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Publication numberUS7493477 B2
Publication typeGrant
Application numberUS 11/479,592
Publication dateFeb 17, 2009
Filing dateJun 30, 2006
Priority dateJun 30, 2006
Fee statusPaid
Also published asUS20080005539
Publication number11479592, 479592, US 7493477 B2, US 7493477B2, US-B2-7493477, US7493477 B2, US7493477B2
InventorsRavindra V. Velhal, Padmashree K. Apparao
Original AssigneeIntel Corporation
Export CitationBiBTeX, EndNote, RefMan
External Links: USPTO, USPTO Assignment, Espacenet
Method and apparatus for disabling a processor core based on a number of executions of an application exceeding a threshold
US 7493477 B2
Abstract
A system includes a multi-core processor including a first processor core and a second processor core, and a core manager. The core manager is to receive data during an execution of an application by the first processor core, the data indicating a potential fault associated with the first processor core, determine to disable the first processor core based on the data, and activate the second processor core to execute the application.
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Claims(16)
1. A method comprising:
receiving data during an execution of an application by a first processor core, wherein the data indicates a number of executions of the application performed by the first processor core;
determining to disable the first processor core based on the data and on a determination that the number of executions of the application performed by the first processor core is greater than a maximum number of executions associated with the application; and
activating a second processor core to execute the application based on the maximum number of executions associated with the application and on a number of executions already performed by the second processing core, wherein the number of executions of the application performed by the first processor core is greater than the number of executions already performed by the second processing core.
2. The method of claim 1, wherein activating the second processor core comprises:
transferring a memory stack from the first processor core to the second processor core.
3. The method of claim 1, wherein determining to disable the first processor core further comprises:
determining that the first core is unsuitable for executing the application based on the data.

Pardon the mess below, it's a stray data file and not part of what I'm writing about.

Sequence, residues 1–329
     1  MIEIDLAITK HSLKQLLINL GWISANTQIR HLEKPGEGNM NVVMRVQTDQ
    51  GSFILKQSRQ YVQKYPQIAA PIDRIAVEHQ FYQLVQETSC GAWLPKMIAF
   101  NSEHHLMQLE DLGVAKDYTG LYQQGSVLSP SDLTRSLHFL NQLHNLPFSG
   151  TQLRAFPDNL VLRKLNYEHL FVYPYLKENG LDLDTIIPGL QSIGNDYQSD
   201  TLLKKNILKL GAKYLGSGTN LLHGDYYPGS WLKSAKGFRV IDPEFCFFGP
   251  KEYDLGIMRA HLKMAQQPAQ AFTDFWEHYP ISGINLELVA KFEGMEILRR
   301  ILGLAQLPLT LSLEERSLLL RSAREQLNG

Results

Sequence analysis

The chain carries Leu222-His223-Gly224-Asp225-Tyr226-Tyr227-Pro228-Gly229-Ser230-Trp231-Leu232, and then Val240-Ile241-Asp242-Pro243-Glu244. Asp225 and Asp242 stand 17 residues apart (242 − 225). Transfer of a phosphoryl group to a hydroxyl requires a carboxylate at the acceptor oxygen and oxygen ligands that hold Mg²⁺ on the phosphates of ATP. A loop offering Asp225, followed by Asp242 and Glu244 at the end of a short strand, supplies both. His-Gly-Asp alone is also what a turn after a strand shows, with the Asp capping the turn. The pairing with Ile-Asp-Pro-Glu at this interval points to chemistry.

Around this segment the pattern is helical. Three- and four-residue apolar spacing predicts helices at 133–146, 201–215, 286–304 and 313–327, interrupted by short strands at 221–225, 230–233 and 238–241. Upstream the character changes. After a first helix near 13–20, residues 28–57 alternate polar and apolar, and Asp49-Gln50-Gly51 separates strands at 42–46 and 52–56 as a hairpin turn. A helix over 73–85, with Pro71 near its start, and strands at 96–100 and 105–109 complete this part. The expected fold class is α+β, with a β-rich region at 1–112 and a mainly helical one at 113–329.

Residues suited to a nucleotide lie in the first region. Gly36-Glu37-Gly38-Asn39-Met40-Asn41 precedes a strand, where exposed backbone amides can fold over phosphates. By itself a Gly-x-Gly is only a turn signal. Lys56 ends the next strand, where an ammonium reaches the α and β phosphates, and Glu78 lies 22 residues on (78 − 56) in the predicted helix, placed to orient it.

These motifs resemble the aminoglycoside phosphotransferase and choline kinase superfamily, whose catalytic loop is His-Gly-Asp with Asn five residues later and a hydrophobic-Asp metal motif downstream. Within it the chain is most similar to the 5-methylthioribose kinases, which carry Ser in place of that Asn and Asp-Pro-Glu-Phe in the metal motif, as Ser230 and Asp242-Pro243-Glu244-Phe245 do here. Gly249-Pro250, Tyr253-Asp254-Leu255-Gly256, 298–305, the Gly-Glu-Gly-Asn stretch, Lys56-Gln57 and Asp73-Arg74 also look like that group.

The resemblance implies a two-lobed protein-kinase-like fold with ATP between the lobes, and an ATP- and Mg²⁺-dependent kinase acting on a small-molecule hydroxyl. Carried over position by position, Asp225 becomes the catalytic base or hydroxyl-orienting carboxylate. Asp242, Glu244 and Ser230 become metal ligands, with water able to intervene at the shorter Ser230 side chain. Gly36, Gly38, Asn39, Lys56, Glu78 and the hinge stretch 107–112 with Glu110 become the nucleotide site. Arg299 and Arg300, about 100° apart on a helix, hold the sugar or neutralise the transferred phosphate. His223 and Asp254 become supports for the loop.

4. The method of claim 1, further comprising disabling the first processor core.
5. The method of claim 4, wherein disabling the first processor core comprises at least one of:
associating the first processor core with a disabled flag in a database; and
associating the first processor core with a low reliability ranking in the database.
6. The method of claim 4, wherein activating the second processor core comprises:
automatically notifying a processor core vendor that the first processor core is disabled and the second processor core is activated.
7. An apparatus comprising:
a multi-core processor including a first processor core and a second processor core; and
a core manager to:
receive data during an execution of an application by the first processor core, wherein the data indicates a number of executions of the application performed by the first processor core;
determine to disable the first processor core based on the data and on a determination that the number of executions of the application performed by the first processor core is greater than a maximum number of executions associated with the application; and
activate the second processor core to execute the application based on the maximum number of executions associated with the application and on a number of executions already performed by the second processing core, wherein the number of executions of the application performed by the first processor core is greater than the number of executions already performed by the second processing core.
8. The apparatus of claim 7, wherein the determination to disable the first processor core comprises a determination that the first core is unsuitable for executing the application based on the data.
9. The apparatus of claim 7, wherein activation of the second processor core comprises:
a determination of the second processor core from a plurality of available processor cores based on a plurality of reliability rankings associated with the plurality of available processor cores.
10. The apparatus of claim 9, wherein the second processor core is not associated with a highest reliability ranking of the plurality of reliability rankings.
11. The apparatus of claim 7, wherein the core manager is to disable the first processor core.
12. The apparatus of claim 11, wherein disabling the first processor core comprises at least one of:
associating the first processor core with a disabled flag in a database; and
associating the first processor core with a low reliability ranking in the database.
13. The apparatus of claim 11, wherein activation of the second processor core comprises:
automatic notification of a processor core vendor that the first processor core is disabled and the second processor core is activated.
14. A system, comprising:
a multi-core processor having a first processor core and a second processor core;
a double data rate memory;
and a core manager to:
receive data during an execution of an application by the first processor core, wherein the data indicates a number of executions of the application performed by the first processor core;